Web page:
What is even more tragic is that many of these foreign jihadi recruits often end up roped into killing other Iraqis - an example in the documentary is of Raed Elbana, a young Jordanian lawyer who spent some time living in the United States before returning home to Jordan and being "radicalised" on the idea of fighting a holy war against Americans. But is this what he did? No, Raed gained his "martyrdom" by blowing himself up outside a Shia clinic in Iraq, killing 118 Shia Iraqis in the process.

Interestingly, though, Taylor chose not to point out this opportunism by Sunni extremists, choosing instead to lump it in with the other terrorist atrocities as being driven purely by the U.S.-led occupation.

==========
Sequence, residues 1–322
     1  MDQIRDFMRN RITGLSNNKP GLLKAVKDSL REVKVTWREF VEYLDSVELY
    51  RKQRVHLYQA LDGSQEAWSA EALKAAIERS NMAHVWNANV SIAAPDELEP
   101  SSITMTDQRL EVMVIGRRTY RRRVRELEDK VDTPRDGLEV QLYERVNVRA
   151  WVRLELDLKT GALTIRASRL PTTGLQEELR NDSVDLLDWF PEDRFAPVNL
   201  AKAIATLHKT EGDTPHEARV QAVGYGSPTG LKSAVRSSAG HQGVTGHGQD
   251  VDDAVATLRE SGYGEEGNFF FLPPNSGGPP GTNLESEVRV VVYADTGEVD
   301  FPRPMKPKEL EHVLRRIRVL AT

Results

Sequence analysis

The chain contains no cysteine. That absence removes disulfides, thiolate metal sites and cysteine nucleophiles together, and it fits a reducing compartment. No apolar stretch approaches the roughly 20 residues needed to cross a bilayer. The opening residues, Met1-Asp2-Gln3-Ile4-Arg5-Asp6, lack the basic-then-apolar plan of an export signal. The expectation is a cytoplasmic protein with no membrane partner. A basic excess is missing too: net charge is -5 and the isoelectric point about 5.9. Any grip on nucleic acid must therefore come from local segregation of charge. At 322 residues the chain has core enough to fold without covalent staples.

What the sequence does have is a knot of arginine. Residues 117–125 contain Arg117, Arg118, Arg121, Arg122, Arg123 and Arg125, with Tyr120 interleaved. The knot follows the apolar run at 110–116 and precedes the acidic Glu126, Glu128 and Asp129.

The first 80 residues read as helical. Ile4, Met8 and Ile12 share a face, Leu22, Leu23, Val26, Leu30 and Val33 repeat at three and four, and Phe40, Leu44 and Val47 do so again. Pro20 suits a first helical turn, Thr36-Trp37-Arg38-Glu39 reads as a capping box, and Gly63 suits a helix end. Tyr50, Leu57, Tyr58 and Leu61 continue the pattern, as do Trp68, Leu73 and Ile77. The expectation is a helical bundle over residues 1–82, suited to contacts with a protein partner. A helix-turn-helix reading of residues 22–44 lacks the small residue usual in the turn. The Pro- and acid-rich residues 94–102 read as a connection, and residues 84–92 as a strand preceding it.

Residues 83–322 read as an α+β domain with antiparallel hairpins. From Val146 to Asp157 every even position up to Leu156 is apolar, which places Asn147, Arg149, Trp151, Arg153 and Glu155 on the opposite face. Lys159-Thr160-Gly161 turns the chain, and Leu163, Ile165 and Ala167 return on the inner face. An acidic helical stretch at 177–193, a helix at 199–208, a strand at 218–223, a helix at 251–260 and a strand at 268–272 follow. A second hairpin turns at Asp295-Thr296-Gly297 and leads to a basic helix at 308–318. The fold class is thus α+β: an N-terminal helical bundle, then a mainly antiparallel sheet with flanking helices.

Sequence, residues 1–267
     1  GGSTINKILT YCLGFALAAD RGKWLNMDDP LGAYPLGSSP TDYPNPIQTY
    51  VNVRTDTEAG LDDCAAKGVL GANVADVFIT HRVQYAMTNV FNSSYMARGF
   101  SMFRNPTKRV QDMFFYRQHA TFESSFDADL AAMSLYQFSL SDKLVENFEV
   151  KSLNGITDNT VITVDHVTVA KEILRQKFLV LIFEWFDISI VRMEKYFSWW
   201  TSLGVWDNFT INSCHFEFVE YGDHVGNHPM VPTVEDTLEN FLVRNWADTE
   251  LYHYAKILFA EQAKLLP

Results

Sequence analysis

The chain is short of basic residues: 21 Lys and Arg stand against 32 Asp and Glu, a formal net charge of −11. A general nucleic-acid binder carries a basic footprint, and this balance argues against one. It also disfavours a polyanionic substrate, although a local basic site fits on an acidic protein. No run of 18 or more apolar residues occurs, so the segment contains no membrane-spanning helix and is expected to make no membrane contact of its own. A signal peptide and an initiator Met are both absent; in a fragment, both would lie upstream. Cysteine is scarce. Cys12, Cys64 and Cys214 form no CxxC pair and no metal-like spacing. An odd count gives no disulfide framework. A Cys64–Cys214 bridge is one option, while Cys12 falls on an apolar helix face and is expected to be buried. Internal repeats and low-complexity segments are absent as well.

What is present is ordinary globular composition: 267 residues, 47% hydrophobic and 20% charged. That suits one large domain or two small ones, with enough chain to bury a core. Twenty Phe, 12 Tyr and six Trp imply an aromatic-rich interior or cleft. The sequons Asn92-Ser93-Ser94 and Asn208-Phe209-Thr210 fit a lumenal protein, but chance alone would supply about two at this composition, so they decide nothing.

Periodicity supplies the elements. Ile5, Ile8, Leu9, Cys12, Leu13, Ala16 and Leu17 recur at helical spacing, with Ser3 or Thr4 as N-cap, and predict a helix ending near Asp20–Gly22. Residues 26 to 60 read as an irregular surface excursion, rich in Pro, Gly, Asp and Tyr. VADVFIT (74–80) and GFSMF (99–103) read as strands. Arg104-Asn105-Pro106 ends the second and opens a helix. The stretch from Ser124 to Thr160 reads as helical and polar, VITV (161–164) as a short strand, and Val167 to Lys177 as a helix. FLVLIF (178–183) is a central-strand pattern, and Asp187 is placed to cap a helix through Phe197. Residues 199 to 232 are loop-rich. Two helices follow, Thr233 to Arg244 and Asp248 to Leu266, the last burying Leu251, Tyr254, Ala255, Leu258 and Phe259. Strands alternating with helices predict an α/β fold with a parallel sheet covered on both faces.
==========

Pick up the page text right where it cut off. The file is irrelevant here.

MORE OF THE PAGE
Taylor stops short of saying that the creation of British-born terrorists is reason enough to pull all troops out of Iraq. And yet, he consistently repeats that UK foreign policy towards Iraq is driving these people to become radicalised. That's fair enough, but as Norm recently pointed out, in response to this article by Inayat Bunglawala:

If terrorism motivated by anger over British foreign policy isn't - ever - justified, should the government in some way yield to this anger
nonetheless? What exactly, to put it otherwise, is Inayat Bunglawala asking for in asking that the government 'acknowledge' the causal influence of foreign policy on murderous anger, and in emphasizing that it should not be 'left unconsidered'? One has to presume that this isn't merely a demand for a thought process to occur or for some sort of acknowledging public statement. It's an argument for a change of policy.